Whistleblowing occurs when an employee discloses information. However, according to Armstrong, 90 of whistleblowers suffer from dismissal or demotions, 27 faced legal actions, 26 were referred to medical treatment, 17 went homeless, and 8% bankrupted. Whistleblowers may suffer some kind of harassment, lower performance evaluations, punitive transfer or violence by their fellow colleagues and/or superiors if they remain working in the organisation (Dellaportas & al., 2005). Therefore, whistleblower protection is important to encourage employees in uncovering any fraud, and ensure that channels are open for whistleblowing. Supporting effective protection for whistleblowers can have advantages such as promoting an open organisational culture where employees have confidence in the reporting procedures, preventing and disclosing bribery in commercial transactions, safeguarding integrity, enhancing accountability, and supporting a clean business environment (Organization for Economic Cooperation and Development, 2012).
One can adopt a normative strategy when facing tough ethical choices as it can help people to evaluate and think carefully so as to prevent them from making irrational decisions. Normative ethics provides several philosophical approaches for making sound ethical decisions and it can be categorized into three parts: (a) consequentialist, (b) deontological and (c) virtue theory (Trevino & Nelson, 2004).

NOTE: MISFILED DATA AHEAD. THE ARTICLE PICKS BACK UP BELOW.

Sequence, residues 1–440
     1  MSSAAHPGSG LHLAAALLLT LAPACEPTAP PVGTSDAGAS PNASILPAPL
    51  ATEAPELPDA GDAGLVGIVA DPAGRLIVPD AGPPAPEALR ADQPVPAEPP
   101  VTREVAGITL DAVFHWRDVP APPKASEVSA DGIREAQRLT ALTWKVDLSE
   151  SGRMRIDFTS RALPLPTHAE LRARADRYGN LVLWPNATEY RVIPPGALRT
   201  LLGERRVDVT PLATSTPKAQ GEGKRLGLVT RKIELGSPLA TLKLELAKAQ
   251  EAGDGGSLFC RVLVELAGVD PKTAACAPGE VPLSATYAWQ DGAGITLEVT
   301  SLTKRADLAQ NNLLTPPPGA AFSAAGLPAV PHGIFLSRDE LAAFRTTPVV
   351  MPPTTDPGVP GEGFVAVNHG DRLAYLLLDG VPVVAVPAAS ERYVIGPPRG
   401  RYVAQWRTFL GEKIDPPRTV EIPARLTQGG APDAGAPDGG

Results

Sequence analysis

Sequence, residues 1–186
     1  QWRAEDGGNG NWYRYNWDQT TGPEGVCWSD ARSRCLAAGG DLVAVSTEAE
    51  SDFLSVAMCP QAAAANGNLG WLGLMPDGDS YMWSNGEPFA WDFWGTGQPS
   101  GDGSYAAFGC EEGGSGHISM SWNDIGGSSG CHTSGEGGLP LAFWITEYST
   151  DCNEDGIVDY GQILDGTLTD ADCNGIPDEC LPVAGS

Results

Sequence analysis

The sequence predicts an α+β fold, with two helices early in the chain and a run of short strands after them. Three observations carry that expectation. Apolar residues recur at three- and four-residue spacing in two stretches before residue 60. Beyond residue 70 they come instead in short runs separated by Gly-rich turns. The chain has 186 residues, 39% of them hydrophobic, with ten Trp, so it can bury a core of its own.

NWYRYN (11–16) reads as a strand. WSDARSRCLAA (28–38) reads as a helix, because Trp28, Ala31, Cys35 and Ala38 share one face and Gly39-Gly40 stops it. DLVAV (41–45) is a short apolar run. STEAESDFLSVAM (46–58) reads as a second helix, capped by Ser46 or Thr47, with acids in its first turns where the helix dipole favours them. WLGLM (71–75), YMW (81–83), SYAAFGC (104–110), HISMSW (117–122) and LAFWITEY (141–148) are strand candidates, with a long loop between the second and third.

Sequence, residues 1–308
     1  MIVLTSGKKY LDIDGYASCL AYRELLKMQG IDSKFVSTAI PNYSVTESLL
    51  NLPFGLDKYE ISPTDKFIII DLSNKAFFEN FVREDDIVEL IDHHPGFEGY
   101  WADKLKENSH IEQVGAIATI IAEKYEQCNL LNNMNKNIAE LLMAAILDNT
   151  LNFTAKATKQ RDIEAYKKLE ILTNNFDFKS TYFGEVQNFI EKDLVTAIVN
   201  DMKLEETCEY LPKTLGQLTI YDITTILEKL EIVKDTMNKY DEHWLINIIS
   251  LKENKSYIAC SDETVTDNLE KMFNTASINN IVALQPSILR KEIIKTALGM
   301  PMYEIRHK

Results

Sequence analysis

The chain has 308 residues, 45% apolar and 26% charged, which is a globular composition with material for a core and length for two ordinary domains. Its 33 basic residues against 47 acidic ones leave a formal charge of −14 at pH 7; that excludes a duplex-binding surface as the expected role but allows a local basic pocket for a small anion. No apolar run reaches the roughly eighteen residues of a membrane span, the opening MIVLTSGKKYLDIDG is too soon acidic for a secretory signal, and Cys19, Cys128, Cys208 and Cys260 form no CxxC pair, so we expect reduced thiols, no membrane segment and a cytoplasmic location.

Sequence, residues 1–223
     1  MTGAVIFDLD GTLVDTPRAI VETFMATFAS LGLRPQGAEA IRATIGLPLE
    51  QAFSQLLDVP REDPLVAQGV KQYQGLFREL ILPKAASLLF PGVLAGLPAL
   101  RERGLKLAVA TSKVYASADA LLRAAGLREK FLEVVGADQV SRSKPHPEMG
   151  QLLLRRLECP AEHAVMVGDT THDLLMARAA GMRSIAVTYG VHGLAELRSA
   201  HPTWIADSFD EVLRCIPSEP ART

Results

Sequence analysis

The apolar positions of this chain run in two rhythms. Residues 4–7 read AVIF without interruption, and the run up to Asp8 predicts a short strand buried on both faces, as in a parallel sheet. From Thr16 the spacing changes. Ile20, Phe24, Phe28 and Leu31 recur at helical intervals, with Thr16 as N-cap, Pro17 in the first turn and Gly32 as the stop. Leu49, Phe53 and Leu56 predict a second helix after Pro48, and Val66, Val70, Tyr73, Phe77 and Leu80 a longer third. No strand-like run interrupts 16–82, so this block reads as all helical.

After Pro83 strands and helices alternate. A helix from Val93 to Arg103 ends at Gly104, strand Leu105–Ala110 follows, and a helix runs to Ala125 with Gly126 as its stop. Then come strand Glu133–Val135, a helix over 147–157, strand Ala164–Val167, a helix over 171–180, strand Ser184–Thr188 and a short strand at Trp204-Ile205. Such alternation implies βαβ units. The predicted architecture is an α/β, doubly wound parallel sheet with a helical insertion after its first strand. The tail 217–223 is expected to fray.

The consequentialist theory “focuses attention on the results or consequences of the decision or action” (Trevino & Nelson, 2004). It includes philosophical approaches like egoism and utilitarianism. Egoism promotes an individual’s long-term interests while utilitarianism holds ethical actions as those done for the greatest good or to maximize total utility (Ferrell, Fraedrich, & Ferrell, 2000). On the contrary, the deontological theory focuses on the rights of individuals and on the intentions associated with a particular behavior rather than on its consequences (Ferrell, Fraedrich, & Ferrell, 2000) and it embraces philosophical approaches like Kantianism and justice. Kantianism revolve around duty, not end goals or emotions, and their actions are performed according to some underlying principle or maxim that are entirely different from one another (e.g. honesty, fairness and justice), while the philosophical view of justice is rooted in one’s belief in moral equity and equitable treatment for everyone concerned with a questionable action. Lastly, the virtue ethics approach focuses more on the integrity of the moral actor than on the moral act itself (Trevino & Nelson, 2004).